America’s opioid crisis may be worsening—but there also may be a critical shortage of pain relief drugs, a government task force has concluded.
HHS convened a Pain Management Best Practices Inter-Agency Task Force two years ago in an effort to come to grips with the overdose epidemic that took 47,600 American lives last year. In its long-awaited report, the task force calls for a host of reforms but also worries that patients in excruciating pain aren’t getting the help they need.
“Current widespread shortages of several key parental opioids used for fast and reliable analgesic effects, including morphine, hydromorphone and fentanyl, are affecting hospitals and cancer centers nationwide, leading to compromised acute pain management in the critical care and postoperative settings,” the 116-page report states.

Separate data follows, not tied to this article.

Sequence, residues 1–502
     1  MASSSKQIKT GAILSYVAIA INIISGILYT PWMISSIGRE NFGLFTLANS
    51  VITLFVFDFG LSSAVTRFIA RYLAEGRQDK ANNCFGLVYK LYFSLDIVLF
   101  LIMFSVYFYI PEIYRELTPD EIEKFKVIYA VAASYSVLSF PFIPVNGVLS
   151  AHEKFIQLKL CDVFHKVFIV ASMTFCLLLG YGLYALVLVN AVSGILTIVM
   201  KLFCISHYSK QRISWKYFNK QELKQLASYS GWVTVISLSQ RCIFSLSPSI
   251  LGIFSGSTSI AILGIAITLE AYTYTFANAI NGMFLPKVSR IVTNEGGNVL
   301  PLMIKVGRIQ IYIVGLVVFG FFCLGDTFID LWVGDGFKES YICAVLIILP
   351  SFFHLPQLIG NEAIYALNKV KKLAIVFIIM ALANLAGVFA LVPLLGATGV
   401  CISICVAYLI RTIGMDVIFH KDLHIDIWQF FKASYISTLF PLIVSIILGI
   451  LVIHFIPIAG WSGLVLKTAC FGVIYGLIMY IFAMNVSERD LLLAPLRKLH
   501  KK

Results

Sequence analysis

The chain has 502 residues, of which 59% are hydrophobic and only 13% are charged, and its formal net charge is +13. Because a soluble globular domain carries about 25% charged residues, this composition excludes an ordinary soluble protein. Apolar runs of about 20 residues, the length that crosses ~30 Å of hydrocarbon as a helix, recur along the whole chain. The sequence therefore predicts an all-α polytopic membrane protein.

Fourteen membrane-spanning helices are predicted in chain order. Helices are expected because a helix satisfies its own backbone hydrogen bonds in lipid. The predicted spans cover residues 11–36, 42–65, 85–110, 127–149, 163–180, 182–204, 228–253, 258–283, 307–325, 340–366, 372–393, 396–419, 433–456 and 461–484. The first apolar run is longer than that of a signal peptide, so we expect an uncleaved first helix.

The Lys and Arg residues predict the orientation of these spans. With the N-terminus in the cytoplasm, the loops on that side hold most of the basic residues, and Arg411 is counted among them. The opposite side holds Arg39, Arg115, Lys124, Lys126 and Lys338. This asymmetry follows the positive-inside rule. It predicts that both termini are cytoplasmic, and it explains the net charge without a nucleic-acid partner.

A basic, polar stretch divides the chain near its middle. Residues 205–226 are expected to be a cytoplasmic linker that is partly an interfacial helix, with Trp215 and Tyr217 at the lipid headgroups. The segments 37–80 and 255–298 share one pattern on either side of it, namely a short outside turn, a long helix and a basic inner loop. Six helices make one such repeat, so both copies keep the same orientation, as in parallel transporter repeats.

It’s gratifying that the FDA formed a drug shortages team, but the agency should also find alternative sources for pain-relief medicines to avoid “critical” shortages, the task force recommends.
Patient advocates see the report as another sign of welcome relief after years of a crackdown on opioid prescriptions. Richard A “Red” Lawhern, who leads the Alliance for the Treatment of Intractable Pain, argues that the government’s own data shows that doctor prescriptions were a red herring from the beginning.